Essential Pregnancy Diet Tips: What to Eat and What to Avoid When You're Pregnant?
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Diet & Nutrition

Essential Pregnancy Diet Tips: What to Eat and What to Avoid When You're Pregnant?

Congratulations to all the to be moms! Pregnancy is one of the most special phases of a woman’s life and so are the needs during pregnancy. Though it is well known that no separate diet is required during pregnancy, it is important for you to take care of what you are eating, in how much quantity and when. You must make conscious efforts to ensure that you are taking a balanced diet throughout pregnancy based on the increased needs of the body at each stage. One very important point to remember is that people might ask you to start eating more than what you normally eat since now you are two lives in one body. Beware of such suggestions! Initially, during the first three months of pregnancy, you just need a high-quality diet with all food groups included. At this stage, you need not focus on increasing the quantity at all. It is only later when the baby starts growing during the second and third trimester that your focus needs to shift to quantity as well.

Watch this video: Top 30 Foods to have during Pregnancy

Eating well throughout Pregnancy

You will be able to better understand how to eat well during pregnancy, once you are aware of its stages and how a baby develops at each stage. Gestation is divided into 3 trimesters, i.e. first, second and third and each trimester is three months period. The first trimester is the most crucial for the development of the organs of the baby and so it is essential that during this trimester mother has a good nutritional status which means enough folic acid that helps in organ development. At this stage, folic acid deficiency may lead to brain or spinal cord defects which cannot be altered at a later stage and are called congenital disorders. So, it is crucial for every mother to start taking 400 mcg of folic acid per day while planning to conceive or as advised by the doctor. Folic acid supplementation continues throughout pregnancy. As the mother reaches second trimester which is the best period of pregnancy since this is the time when nausea and tiredness usually ends, the tiny being developing in the mother’s uterus starts growing and so nutritional requirements increase at this stage. The mother needs iron, calcium and vitamin D too along with folic acid as a supplement which the doctor does advise. From this trimester till the end of pregnancy, the mother needs to increase the quantity to food along with quality to take the extra 300 calories that are the general requirement. In general, from the second trimester there is approximately ½ kg weight gain per week for the rest of the pregnancy which needs to be monitored closely other than blood pressure and blood sugar levels. If the weight starts declining, contact your doctor immediately. To make sure you and your baby are healthy throughout, let us now talk about what to eat and what to avoid during your gestational period.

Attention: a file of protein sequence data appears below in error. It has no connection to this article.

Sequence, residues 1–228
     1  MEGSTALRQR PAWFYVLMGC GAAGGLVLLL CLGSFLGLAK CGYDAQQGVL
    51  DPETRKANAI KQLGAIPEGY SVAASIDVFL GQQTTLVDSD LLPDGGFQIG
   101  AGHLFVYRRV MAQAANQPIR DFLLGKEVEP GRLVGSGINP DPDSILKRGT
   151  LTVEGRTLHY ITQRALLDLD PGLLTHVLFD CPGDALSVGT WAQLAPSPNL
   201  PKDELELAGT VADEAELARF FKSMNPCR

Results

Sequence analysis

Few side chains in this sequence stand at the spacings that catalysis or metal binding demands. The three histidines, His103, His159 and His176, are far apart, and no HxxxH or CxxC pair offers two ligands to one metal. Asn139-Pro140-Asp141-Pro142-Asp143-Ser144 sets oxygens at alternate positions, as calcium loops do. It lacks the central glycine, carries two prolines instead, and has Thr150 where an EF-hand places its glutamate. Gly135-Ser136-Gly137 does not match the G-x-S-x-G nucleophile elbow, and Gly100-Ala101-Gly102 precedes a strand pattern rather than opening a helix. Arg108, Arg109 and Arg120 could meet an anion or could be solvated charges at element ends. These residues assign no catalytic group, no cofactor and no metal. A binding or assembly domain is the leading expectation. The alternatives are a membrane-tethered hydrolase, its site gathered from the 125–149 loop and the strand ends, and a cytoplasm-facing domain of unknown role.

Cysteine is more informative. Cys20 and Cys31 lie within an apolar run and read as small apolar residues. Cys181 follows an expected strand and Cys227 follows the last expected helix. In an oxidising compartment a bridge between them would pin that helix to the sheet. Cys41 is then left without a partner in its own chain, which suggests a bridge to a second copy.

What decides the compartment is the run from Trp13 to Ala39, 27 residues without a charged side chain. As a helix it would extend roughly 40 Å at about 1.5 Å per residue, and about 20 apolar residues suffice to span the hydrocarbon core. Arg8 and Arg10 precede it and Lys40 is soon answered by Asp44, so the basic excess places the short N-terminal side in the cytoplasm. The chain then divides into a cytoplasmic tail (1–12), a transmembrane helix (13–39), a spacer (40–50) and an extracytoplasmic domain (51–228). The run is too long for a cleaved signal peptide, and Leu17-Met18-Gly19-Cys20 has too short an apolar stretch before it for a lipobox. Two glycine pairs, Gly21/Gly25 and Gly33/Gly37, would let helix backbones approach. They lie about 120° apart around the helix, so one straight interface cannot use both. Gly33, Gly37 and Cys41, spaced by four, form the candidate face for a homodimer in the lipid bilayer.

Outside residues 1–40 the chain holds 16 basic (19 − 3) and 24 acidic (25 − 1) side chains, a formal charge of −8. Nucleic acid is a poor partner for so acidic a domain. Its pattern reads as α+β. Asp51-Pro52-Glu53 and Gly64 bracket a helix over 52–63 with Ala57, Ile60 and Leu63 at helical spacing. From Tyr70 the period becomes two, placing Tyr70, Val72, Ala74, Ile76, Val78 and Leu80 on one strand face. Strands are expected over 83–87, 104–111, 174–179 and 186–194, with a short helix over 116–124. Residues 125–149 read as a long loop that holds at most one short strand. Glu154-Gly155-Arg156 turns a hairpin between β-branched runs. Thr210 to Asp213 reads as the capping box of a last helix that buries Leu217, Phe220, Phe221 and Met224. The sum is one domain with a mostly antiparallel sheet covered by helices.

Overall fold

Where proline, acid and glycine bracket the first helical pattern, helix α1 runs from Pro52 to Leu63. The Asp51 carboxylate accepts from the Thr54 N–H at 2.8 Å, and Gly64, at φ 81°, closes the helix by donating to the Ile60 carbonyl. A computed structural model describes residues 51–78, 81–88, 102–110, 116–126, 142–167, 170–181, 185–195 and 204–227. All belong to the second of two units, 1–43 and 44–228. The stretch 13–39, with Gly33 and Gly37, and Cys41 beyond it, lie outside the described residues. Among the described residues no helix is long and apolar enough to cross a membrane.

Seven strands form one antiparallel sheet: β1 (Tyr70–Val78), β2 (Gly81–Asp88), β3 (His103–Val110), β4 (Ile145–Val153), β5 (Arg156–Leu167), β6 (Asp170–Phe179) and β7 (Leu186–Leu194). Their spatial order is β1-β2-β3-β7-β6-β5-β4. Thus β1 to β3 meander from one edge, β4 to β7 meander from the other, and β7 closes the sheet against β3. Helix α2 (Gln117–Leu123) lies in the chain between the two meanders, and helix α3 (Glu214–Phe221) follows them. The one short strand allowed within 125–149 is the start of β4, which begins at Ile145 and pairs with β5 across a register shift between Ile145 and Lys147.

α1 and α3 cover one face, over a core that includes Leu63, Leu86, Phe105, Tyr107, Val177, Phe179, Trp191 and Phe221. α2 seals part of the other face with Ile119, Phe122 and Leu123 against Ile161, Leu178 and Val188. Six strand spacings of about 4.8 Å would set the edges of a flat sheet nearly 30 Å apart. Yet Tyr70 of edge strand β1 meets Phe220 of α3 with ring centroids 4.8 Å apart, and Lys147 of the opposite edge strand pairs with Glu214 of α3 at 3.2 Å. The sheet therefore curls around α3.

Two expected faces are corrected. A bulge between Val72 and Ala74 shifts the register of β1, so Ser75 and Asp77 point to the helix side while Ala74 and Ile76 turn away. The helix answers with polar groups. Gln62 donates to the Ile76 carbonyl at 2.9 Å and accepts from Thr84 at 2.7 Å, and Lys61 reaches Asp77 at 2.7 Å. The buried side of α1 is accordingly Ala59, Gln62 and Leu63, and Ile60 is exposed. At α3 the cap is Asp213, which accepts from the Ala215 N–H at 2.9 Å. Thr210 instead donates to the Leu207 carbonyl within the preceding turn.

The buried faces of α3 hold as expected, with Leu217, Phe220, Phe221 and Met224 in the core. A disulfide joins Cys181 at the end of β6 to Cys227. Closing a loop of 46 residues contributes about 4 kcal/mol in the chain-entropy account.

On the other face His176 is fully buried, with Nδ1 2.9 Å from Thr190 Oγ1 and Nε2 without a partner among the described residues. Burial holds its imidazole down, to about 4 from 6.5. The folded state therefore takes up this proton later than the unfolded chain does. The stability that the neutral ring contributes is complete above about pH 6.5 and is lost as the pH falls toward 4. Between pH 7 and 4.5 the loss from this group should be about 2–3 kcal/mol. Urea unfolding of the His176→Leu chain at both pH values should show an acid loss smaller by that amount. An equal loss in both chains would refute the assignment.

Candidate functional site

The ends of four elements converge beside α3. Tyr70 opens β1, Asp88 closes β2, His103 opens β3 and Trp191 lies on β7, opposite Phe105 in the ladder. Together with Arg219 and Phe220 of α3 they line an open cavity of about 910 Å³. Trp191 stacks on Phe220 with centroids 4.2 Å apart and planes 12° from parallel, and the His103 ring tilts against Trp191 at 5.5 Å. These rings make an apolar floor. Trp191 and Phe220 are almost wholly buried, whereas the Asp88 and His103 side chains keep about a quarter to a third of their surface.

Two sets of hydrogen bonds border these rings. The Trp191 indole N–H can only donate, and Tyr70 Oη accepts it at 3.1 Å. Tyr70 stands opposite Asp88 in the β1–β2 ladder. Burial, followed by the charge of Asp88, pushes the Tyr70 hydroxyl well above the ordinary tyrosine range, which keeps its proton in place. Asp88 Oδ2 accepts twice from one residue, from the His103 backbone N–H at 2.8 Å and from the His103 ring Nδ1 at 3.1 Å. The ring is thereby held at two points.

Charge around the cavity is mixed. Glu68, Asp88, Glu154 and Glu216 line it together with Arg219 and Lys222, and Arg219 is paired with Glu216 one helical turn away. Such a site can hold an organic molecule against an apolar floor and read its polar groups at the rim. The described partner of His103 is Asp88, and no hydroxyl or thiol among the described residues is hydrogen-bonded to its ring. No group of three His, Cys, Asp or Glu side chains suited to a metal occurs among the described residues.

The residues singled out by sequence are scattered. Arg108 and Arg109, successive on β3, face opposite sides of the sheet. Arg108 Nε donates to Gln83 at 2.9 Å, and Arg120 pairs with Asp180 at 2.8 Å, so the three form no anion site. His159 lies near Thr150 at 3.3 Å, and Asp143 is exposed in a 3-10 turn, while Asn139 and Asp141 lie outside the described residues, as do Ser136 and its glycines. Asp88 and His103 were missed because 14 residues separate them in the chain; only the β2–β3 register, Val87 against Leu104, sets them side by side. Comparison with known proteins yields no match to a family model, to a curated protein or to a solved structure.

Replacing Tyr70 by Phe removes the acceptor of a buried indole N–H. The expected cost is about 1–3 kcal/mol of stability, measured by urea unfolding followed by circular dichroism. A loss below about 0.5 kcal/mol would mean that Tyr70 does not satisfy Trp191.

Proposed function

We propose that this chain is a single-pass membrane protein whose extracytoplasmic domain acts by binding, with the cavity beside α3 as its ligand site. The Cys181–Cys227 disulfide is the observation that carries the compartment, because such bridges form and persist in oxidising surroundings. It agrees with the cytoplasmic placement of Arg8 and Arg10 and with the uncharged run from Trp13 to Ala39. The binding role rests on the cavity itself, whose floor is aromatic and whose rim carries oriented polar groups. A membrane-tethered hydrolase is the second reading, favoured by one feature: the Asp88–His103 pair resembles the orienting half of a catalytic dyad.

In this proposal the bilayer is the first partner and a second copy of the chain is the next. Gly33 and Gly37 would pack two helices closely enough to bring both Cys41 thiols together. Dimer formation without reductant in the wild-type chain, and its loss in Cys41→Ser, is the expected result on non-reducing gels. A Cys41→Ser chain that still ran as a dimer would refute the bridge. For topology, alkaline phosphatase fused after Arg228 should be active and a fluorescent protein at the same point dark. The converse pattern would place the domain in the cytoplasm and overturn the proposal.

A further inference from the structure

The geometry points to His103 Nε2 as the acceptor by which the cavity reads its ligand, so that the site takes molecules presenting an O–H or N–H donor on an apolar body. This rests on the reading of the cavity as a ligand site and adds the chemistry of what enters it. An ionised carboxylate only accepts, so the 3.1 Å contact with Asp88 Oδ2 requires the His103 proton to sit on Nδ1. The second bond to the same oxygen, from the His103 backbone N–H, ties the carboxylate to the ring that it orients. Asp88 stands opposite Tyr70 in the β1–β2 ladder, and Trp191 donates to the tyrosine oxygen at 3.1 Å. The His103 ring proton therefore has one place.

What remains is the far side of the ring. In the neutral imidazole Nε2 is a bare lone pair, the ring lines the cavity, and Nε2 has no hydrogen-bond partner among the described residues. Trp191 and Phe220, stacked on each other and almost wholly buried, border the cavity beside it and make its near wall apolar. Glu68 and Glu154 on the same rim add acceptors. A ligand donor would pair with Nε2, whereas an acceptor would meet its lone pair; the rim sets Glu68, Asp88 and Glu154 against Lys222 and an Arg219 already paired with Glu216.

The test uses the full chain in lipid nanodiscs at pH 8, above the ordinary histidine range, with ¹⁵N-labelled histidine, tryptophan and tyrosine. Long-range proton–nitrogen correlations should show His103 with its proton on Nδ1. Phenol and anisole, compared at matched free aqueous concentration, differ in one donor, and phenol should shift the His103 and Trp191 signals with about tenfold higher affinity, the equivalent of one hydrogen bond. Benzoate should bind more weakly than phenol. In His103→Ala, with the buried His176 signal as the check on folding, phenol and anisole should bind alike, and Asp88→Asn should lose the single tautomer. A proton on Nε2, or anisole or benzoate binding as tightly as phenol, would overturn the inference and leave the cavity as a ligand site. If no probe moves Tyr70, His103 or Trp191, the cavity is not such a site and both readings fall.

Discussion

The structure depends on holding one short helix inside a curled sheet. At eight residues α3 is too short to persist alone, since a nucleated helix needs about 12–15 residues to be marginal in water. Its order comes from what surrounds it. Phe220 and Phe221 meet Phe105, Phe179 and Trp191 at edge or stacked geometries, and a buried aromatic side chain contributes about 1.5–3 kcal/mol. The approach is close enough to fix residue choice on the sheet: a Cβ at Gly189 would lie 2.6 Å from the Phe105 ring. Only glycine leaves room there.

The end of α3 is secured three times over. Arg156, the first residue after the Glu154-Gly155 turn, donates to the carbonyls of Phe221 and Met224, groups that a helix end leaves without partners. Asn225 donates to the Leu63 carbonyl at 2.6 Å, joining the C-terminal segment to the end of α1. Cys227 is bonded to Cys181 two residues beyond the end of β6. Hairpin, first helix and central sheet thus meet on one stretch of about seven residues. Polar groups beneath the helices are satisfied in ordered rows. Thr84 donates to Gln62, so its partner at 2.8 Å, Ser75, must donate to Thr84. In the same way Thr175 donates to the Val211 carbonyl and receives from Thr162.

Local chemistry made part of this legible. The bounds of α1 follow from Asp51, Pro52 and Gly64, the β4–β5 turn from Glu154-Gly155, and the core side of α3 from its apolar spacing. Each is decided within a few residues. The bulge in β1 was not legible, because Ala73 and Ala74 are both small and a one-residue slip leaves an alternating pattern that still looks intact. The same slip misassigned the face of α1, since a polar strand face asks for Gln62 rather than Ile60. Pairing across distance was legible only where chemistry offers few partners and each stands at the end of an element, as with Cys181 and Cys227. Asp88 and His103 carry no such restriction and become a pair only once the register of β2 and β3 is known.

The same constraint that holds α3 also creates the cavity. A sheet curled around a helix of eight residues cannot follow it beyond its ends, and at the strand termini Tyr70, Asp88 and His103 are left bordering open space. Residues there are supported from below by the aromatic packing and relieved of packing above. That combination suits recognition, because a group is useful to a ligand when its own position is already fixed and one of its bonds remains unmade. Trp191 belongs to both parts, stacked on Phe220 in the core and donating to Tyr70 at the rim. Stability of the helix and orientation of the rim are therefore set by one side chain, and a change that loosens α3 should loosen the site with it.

What to eat?

Folic acid: Folic acid is one of the most important nutrients that your doctor will supplement your diet with as soon as you get to know you are pregnant or even planning to conceive. But along with the tablets, you should also indulge in folic acid-rich foods for optimum folic acid levels for baby’s growth and nourishment. Folic acid is easily made available to the body through daily intake of green leafy vegetables like spinach, citrus fruits like orange, beans, cereals like pasta, bread, wheat roti, eggs, etc.

Foods to help sooth morning-sickness/vomiting: Pregnancy leads to the production of pregnancy hormone which floods the body during the first trimester and morning sickness is the body’s reaction to this hormone. Nine out of ten women face this problem during pregnancy. To sort this out, you can have nuts, cracker biscuits or other light biscuits, toasted bread slice without butter, roasted murmura-chana, etc early in the morning.

Iron: One of the vital nutrients, increased amounts of iron is essential to compensate for the increase in the volume of the mother’s blood to supply all the vital nutrients and oxygen to the baby. A doctor normally prescribes iron only after the first trimester since iron supplements initially may worsen morning sickness but it is important for you to include iron in your diet from the day you get to know you are pregnant. This way not only will you be able to maintain a good iron reserve in your body, but you will be prepared for the increased requirements. Iron-rich foods include ragi flour, oats, dark green leafy vegetables like amaranth leaves, beetroot, kala chana, organ meats, mutton, etc. While consuming vegetarian sources of iron it is important to accompany them vitamin C like lemon juice for better absorption of iron in the body.